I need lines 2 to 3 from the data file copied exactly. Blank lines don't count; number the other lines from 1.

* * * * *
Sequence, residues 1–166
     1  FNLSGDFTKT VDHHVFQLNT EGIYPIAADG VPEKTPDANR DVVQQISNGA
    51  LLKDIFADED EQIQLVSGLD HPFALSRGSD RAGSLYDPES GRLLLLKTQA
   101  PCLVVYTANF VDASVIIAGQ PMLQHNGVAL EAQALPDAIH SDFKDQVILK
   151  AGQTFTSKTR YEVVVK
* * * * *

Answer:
     1  FNLSGDFTKT VDHHVFQLNT EGIYPIAADG VPEKTPDANR DVVQQISNGA
    51  LLKDIFADED EQIQLVSGLD HPFALSRGSD RAGSLYDPES GRLLLLKTQA